Men With Eating Disorders
Diagnosing eating disorders in men can be complicated. Some men are reluctant to seek medical help for disorders that are still primarily considered "women's disorders." Many men simply are ashamed to have an illness of this type, so they suffer in silence.
Another problem for men is that a great number of doctors and healthcare professionals are not trained to identify or treat eating disorders in men, especially anorexia. Families, too, often fail to see the symptoms. The illnesses then can progress to a more advanced stage, where they are harder to treat.
During recovery, males with eating disorders sometimes are unwilling to participate in support-group sessions because the groups are mostly female.
Unlike many women, who develop eating disorders because they "feel fat," men often are medically obese at some point in the illness and feel pressure to be thin. Sometimes, athletic activities induce this struggle to be lean, prompting not only the eating disorder but also compulsive exercising. Men also may adopt certain behaviors when teased or criticized about being fat at critical development stages, such as puberty.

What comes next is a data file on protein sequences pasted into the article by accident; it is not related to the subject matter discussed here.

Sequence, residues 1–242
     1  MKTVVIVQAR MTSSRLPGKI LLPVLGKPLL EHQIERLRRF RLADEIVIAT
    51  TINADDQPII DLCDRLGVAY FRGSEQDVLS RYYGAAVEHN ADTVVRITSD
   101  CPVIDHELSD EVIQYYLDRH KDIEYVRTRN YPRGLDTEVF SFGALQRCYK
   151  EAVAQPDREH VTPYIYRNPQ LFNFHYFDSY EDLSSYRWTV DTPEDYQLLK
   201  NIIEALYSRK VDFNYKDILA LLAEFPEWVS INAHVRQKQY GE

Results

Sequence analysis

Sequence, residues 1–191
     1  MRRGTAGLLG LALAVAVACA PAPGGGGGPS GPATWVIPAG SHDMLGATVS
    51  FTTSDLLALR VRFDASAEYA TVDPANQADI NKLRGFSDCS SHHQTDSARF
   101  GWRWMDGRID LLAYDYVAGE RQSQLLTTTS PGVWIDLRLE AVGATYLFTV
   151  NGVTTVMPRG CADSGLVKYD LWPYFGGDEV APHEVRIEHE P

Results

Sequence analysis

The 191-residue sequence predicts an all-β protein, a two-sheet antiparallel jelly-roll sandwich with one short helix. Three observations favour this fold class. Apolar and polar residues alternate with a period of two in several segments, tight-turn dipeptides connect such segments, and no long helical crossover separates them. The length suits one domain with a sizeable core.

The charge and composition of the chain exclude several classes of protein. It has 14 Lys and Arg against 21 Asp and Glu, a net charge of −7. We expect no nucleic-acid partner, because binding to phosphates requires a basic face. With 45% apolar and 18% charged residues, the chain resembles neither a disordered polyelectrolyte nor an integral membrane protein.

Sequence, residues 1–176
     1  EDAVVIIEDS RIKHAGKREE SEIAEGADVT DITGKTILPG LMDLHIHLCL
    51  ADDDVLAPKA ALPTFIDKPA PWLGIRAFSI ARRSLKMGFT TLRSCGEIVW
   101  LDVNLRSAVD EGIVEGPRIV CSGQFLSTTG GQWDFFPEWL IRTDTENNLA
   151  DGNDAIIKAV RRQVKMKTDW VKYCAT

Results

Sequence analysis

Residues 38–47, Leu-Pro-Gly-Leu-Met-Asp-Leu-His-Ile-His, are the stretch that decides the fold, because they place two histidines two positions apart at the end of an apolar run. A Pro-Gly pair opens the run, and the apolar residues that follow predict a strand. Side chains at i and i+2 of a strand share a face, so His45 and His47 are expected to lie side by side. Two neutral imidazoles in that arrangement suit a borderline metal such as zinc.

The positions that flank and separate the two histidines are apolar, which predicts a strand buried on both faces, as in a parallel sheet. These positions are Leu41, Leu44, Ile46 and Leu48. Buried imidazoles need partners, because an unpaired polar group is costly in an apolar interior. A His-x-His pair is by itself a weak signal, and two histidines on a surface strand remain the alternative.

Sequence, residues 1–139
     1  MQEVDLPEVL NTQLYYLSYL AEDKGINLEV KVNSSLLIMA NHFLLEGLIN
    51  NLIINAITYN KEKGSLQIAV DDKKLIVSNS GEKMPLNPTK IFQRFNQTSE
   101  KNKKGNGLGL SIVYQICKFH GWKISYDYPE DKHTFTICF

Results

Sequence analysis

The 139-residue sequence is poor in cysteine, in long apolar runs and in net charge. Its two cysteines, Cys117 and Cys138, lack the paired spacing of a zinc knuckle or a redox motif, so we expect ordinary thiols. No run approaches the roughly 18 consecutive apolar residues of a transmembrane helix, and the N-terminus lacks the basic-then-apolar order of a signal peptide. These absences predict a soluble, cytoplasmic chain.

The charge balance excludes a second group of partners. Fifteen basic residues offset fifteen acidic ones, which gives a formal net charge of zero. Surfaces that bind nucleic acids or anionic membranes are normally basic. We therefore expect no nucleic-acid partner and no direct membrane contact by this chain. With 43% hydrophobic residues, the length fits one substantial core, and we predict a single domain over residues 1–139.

Treatment for eating disorders can be effective. It can involve either inpatient or outpatient hospital treatment, depending on the severity of the illness. Conditions such as anemia or depression are also treated, and men gradually relearn proper eating habits. Treatment also usually includes psychotherapy, which helps men understand why they have the illness. Medications may also be used.
Men with eating disorders often undergo nutritional rehabilitation, which allows them to regain a desirable body weight. Treatment is followed by weeks, months, or even years of follow-up care to ensure complete recovery.